My Routine, or Lack Thereof: Daytime Television, the Gym, and Dinner

I like lists.  And schedules.  A lot.

It drives me crazy when items on to-do lists remain incomplete, plans are abandoned--or even more horrifying, never made at all--and days lack structure.  This summer is the incarnation of my worst nightmare: I have no class, no projects, no job, no schedule, no obligations.

Yes, I realize the sheer ridiculousness of the previous sentence.  To complain about possessing the privilege  to take a summer off--totally and completely off--of course ignores the blessings that also accompany this awkward "pause" in my life: I have the opportunity to spend three with the wonderful man I married only five weeks ago; I can finally read the titles on my once seemingly endless and pointless "reading for pleasure" list and experiment with the millions of recipes I have earmarked on my Google favorites page; I may rest and recover from the exhaustion which always accompanies the frenzied end of the spring semester.  That Dan and my financial situation is such that I did not need to search desperately for a temporary, unfulfilling job for three months in a strange new town remains something for which I am extremely grateful.  Yet I love--no, really I crave--feeling needed.  Having assignments to hand in, employers expecting me for my shift, and particular tasks that require completion makes me feel valuable, like I am not simply a drain on the earth's supply of oxygen.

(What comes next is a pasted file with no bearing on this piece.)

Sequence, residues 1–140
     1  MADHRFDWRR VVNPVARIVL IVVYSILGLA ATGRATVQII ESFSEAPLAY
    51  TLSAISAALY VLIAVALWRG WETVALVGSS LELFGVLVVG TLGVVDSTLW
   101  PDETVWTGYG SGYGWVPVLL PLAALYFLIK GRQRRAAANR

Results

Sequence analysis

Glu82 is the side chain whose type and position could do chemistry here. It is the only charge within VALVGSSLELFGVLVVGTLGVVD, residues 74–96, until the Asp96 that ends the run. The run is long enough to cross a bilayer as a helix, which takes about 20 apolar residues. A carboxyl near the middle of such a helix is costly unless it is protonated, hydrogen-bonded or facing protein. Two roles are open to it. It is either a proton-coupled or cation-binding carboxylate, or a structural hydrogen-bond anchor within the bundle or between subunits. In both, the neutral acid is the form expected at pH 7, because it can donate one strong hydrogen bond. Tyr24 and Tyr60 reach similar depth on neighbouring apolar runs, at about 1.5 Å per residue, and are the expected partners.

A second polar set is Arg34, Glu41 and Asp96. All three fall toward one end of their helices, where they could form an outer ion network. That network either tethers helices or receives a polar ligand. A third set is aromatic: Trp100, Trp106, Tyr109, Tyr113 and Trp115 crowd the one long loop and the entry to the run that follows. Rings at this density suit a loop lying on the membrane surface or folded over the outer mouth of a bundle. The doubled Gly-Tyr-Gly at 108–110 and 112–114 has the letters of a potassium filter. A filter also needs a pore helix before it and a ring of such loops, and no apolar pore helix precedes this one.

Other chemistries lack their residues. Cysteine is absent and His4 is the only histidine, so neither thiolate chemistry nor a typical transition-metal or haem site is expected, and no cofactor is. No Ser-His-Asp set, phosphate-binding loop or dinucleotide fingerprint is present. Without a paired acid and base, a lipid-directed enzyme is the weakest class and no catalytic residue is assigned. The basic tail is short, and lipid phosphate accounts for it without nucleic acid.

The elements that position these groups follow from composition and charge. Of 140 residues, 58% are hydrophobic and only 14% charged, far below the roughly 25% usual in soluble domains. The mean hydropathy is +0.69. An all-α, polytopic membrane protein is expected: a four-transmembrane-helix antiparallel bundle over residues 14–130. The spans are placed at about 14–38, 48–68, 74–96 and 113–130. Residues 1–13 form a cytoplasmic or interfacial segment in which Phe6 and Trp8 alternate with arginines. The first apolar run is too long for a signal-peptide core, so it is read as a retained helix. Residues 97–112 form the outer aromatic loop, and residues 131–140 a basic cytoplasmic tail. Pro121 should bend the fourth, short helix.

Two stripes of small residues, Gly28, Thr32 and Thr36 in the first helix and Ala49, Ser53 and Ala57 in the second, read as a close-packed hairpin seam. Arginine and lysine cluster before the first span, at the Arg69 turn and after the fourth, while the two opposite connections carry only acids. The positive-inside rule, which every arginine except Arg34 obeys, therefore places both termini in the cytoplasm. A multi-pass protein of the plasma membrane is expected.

When Dan and I learned we would move to a nondescript, relatively small town in the middle of the Midwest, we were not exactly thrilled.  But so much of what makes a place is what you do and who you meet while in that place, and unfortunately, while Dan is occupied at work and class, I watch TV.  And read blogs.  And bake.  And work out.  And cook.  And read more blogs and find more recipes to bake.  And read library books.  And then repeat the cycle.  Every day.  The university here offers no classes in languages or religion; the jobs and volunteer options I sought either took a hiatus over the summer, involved too much training to make it worth their while to take on a short-term worker, or already had adequate staffs.    The city does not sponsor the hospital program I need for my degree requirements.  The volunteer dog-walking job I looked into proved unyielding, to boot.  Apparently, not even the dogs need me this summer!

So I fill my days aimlessly, despairingly.  

Why do I value the finished paper on Matthew 22:22 more than I value the shrimp tacos I cooked for Dan and some friends for dinner?  Or my library job and its embarrassingly small paycheck over moving to spend the summer with my husband?

I know the answer.  Something to do with my self-worth not being wrapped up in my productivity, with pride, with patience, with learning to be still and to live with myself, undistracted by copious obligations and pulls on my attention.  Still, that doesn't mean that I have to like it.

I mentioned earlier that I obsess over titles.  I thought that this summer might best be dubbed "The Summer of Doing Nothing,"but I think it perhaps ought to bear the title "The Summer of Just Being...and Being Okay With It." 

We'll see...